'It is a thing you would not even do to a dog,' Judge Michael Harrison Hall said at Warwick Crown Court. The 23-year-old mother, who lives in a village near Stratford-on-Avon, Warwickshire, admitted cruelty to her daughter by ill-treating, neglecting or abandoning her between October 1991 and October last year.
Ian Morris, for the prosecution, said the mother had been living in a bedsit until she was offered a job at a travel agency in Stratford and moved into a furnished house in the village.
At first she sent the girl to a child minder at a farm, but it cost her pounds 50 a week of her pounds 100 take-home pay. When the girl developed asthma she was taken from the farm and the mother could not afford to send her to another child minder.
For the first 10 months the mother returned home at lunch- time to feed her daughter, but the girl became upset when she had to go back to work. 'She could not cope with that, but rather than getting help she then left the child alone all day from 8.45 until 5.45 from August until October.'
Mr Morris said the little girl was left with a drink, some toys, and the television on. The mother removed items which could cause harm from the three rooms the girl had access to - the living-room, her bedroom and a downstairs lavatory. The curtains were kept closed because the mother feared someone would look in and alert social services.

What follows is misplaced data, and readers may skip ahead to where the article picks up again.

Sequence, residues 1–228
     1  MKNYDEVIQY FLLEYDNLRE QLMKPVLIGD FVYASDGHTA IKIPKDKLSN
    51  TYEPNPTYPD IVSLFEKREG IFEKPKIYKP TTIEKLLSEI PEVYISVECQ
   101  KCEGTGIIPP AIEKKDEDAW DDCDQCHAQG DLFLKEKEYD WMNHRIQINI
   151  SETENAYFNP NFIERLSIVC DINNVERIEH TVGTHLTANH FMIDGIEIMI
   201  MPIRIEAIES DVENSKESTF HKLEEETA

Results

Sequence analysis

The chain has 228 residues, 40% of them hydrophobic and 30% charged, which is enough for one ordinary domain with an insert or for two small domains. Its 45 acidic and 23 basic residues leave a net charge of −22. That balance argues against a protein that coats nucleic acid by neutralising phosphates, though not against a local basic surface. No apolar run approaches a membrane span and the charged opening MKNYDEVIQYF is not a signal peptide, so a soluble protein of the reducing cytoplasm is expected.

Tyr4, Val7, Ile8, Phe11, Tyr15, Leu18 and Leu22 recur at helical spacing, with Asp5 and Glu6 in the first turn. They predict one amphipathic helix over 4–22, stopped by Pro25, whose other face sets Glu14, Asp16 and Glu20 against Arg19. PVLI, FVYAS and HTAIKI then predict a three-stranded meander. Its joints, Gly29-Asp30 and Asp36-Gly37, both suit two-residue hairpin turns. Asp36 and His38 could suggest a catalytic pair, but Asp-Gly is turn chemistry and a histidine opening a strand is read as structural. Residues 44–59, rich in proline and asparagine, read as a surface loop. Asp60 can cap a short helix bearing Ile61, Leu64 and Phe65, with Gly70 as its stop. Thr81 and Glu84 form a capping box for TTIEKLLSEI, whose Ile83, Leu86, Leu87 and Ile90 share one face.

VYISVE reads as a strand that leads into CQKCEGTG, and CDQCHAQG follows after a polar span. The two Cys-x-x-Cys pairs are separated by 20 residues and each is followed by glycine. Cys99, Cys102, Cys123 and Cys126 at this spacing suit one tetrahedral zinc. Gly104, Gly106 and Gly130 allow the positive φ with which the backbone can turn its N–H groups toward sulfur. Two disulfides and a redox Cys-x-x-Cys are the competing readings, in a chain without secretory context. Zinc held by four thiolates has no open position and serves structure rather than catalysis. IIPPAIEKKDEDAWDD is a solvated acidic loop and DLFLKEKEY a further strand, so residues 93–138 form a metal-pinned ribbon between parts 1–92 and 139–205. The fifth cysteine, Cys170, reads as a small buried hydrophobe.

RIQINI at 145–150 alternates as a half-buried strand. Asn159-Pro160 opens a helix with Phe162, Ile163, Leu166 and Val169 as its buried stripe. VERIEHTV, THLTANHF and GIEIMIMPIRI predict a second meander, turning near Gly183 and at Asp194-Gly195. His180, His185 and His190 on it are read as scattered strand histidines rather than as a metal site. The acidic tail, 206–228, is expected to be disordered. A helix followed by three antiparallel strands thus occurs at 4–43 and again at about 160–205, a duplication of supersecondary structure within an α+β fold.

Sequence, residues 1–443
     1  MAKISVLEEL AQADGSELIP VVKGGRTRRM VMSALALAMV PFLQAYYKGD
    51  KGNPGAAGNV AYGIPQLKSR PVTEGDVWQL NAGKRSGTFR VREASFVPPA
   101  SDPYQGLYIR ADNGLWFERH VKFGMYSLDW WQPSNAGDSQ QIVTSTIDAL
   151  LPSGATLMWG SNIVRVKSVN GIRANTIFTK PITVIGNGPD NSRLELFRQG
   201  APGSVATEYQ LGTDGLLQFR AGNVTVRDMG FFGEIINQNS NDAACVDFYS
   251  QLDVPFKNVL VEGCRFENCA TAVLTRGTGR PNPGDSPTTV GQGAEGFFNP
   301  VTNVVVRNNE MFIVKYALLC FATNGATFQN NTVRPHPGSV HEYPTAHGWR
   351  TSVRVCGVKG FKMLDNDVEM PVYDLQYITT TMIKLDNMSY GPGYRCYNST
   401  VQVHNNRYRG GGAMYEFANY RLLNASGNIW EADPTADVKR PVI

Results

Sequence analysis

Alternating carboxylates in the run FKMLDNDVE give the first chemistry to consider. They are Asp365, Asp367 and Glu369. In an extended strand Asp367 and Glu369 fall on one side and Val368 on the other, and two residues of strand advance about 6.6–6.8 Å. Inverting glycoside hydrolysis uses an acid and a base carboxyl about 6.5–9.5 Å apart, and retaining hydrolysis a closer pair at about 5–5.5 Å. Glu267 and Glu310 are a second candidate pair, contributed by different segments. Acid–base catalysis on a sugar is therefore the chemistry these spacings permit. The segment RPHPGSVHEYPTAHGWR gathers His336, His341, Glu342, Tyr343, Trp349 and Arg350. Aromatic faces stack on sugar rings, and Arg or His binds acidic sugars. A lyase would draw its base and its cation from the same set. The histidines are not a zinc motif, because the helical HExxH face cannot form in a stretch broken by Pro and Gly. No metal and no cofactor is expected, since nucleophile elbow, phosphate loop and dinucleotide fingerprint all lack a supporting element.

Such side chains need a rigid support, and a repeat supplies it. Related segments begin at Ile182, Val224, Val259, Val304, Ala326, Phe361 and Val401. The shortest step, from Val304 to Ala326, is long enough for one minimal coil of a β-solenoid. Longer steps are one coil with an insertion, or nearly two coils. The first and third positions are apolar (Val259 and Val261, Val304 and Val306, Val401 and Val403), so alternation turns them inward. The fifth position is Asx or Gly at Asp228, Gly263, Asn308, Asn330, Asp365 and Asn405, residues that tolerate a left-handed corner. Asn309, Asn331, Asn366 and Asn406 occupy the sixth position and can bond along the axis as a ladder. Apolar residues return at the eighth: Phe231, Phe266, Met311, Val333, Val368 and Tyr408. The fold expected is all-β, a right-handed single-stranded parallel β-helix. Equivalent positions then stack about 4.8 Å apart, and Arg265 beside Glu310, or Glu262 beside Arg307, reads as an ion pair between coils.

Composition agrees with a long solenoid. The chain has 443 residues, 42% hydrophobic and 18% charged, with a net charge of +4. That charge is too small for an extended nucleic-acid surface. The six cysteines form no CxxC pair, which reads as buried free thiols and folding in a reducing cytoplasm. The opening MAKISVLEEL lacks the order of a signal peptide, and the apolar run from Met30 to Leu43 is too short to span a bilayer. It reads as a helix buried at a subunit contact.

In October last year, social workers were tipped off and alerted the police who got into the house by breaking a window. 'The girl seemed quite happy, but was pleased to have someone to talk to,' Mr Morris said.
The mother told the police: 'It was a choice between food and clothes and a child minder. I don't know if I thought about the risk. I suppose I put it to the back of my mind . . . It was a case of that or not keeping my job and living on benefit,' she added.
Stephen Waine, for the defence, said: 'The most fortunate aspect is that in fact no harm came to the child. It is the fear of what might have happened which is the serious aspect. In fairness, she minimised the risks but never managed to put it out of her mind and sometimes had panic attacks at work.'
The judge said: 'Having had a child, the absolute priority is to look after it. There must be an alternative to leaving a child alone all day, a thing you would not even do to a dog.'
Jailing the mother, whom he ordered should not be identified to protect the girl, who is now living with her grandmother in Essex, the judge said: 'The dangers do not need spelling out. You knew perfectly well it was wrong because you tried to conceal it.'Reuse content